BRI - Computer Definition
The user interface to an integrated services digital network (ISDN) intended for residential and small business applications. Also known as basic rate access (BRA) outside North America, BRI supports two bearer (B), or information-bearing, channels, each operating at the clear-channel rate of 64 kbps. Each B channel can support an independent data transmission, a PCMencoded voice conversation, or a number of statistically multiplexed subrate (low-speed) data transmissions. The B channels also can be aggregated, or bonded, to provide up to 128 kbps to a given conversation, such as a videoconference or Internet session. BRI also provides a data (D) channel at 16 kbps, which is intended primarily for purposes of signaling and control, messaging, and network management. The D channel also generally is made available for packet data transmission and low-speed telemetry when not in use for Modulated Carrier 0 1 0 0 1 1 1 0 Baseband Digital Signal signaling purposes. Also known as 2B+D, the combination of two B channels at 64 kbps each and the D channel at 16 kbps yields a three-channel configuration at a total signaling rate of 144 kbps over a conditioned, four-wire, twisted-pair local loop within 18,000 feet of the service central office (CO). A single BRI line can support up to 16 devices (e.g., telephones, facsimile machines, computers, and video cameras) that contend for access to the BRI channels through a terminal adapter (TA), also known as an ISDN modem. BRI also can support as many as 64 individual service profile identifiers (SPIDs), which are equivalent to directory numbers, one per terminal device. Many carriers offer BRI variations such as 0B+D and 1B+D targeted at specific applications such as credit card verification and telemetry, but all share the same BRI technology and the same signaling rate of 160 bps. The BRI interface between the CO and the customer premises is known as the U interface or Reference Point U, which runs at a signaling rate of 160 kbps, carrying two 64 kbps B channels, one 16 kbps D channel, and 16 kbps of overhead for framing, echo cancellation, and an embedded operations channel (EOC) for line testing and monitoring. In order to support this transmission rate in full duplex (FDX) mode over a physical two-wire, logical four-wire, twisted-pair local loop, the 2B1Q (2 Binary 1 Quaternary) encoding technique, with echo cancellation, is used in North America. In European and many other countries, the line coding technique employed is 4B3T (4 Binary 1 Ternary), a block code that combines four bits to represent one ternary signal state. See also 0B+D, 1B+D, 2B1Q, 4B3T, bonding, EOC, FDX, four wire, ISDN, local loop, Reference Point U, signaling and control, signaling rate, SPID, TA, and two-wire.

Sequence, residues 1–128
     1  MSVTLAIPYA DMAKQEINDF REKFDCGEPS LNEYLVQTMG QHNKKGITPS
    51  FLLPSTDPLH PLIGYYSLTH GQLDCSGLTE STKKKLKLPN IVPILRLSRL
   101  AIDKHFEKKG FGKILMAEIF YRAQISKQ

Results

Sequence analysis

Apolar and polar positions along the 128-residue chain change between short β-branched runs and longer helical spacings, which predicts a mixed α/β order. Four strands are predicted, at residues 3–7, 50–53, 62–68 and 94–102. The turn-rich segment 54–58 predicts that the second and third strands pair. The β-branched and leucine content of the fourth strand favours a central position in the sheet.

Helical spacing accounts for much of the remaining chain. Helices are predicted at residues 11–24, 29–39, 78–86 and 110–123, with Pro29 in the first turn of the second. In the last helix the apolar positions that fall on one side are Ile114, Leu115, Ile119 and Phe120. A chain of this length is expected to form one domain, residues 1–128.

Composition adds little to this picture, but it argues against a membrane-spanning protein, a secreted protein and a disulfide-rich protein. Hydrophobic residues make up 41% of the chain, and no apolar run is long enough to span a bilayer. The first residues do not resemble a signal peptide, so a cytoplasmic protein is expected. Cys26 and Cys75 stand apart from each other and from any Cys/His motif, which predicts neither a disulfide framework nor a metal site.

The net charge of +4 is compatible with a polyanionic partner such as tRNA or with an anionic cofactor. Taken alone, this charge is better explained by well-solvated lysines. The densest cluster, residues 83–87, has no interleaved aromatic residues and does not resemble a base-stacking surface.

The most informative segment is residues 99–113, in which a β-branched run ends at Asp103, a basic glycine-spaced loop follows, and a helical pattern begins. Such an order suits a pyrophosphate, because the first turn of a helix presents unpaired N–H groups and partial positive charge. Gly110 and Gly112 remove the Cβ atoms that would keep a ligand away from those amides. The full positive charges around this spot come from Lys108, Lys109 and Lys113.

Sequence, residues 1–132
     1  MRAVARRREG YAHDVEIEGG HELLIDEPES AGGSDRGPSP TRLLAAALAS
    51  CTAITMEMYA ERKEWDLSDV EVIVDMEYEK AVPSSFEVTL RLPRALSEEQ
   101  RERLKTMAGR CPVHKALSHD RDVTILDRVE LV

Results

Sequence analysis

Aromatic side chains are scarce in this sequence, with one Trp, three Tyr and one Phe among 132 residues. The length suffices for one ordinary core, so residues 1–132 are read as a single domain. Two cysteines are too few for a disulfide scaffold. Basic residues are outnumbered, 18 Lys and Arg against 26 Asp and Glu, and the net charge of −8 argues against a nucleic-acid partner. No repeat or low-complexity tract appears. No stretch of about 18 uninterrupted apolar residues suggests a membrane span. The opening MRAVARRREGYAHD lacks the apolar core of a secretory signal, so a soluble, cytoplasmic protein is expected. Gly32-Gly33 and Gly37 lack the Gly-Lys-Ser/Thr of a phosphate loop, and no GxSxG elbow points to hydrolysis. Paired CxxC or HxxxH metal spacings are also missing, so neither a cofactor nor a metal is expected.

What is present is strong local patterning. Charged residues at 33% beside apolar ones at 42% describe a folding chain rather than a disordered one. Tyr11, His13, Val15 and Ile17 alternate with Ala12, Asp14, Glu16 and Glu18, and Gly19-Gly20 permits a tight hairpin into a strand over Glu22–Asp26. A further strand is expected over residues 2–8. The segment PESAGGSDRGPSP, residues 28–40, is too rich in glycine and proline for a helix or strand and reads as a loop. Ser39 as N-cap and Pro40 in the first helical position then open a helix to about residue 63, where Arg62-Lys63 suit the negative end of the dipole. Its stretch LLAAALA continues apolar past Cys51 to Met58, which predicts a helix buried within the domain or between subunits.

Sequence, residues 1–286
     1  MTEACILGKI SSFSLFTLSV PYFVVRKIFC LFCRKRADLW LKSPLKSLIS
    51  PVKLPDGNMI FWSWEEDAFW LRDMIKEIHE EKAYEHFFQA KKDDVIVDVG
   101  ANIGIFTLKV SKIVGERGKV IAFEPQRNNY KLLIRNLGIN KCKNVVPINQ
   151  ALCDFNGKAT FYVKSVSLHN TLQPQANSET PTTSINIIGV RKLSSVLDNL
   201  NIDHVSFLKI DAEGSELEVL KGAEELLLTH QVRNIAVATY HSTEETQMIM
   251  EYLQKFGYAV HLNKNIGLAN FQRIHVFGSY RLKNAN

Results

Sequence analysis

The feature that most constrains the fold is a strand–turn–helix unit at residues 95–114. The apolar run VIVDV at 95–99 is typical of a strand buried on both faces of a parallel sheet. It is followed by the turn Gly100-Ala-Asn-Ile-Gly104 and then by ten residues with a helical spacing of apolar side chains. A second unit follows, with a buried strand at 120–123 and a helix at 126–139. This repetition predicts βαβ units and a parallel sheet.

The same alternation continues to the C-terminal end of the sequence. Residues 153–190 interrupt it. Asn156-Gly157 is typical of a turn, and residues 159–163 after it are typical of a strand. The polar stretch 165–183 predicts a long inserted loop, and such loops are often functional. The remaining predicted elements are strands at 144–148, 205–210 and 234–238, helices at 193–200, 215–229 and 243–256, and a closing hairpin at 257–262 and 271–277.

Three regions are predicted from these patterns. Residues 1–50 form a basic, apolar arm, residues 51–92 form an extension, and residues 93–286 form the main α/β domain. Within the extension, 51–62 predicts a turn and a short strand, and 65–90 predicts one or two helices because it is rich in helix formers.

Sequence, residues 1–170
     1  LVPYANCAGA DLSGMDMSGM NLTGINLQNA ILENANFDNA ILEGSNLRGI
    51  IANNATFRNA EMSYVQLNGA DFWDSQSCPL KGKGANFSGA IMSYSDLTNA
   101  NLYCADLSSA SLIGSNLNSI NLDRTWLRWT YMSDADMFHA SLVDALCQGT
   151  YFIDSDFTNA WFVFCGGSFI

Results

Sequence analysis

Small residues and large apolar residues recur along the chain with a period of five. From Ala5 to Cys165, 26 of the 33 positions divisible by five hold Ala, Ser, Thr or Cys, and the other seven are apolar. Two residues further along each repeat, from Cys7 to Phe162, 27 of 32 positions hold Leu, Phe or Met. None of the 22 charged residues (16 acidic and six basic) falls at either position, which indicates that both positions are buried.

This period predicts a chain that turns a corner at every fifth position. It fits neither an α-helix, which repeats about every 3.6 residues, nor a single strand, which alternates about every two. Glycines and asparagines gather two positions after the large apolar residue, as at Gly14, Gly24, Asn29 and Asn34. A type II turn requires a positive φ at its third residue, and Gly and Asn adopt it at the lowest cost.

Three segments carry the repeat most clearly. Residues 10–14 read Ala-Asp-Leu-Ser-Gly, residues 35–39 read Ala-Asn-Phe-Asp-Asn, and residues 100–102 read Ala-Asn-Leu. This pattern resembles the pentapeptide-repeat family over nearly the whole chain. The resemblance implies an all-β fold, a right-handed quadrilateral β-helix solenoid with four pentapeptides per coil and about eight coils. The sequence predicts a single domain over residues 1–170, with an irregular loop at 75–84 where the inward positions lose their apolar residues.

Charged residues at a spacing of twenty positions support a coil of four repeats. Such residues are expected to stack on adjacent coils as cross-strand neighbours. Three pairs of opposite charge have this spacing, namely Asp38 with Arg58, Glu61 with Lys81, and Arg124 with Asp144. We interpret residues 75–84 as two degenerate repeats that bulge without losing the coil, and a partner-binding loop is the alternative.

Used by arrangement with John Wiley & Sons, Inc.
Computer Desktop Encyclopedia
THIS DEFINITION IS FOR PERSONAL USE ONLY
All other reproduction is strictly prohibited without permission from the publisher.
© 1981-2014 The Computer Language Company Inc. All rights reserved.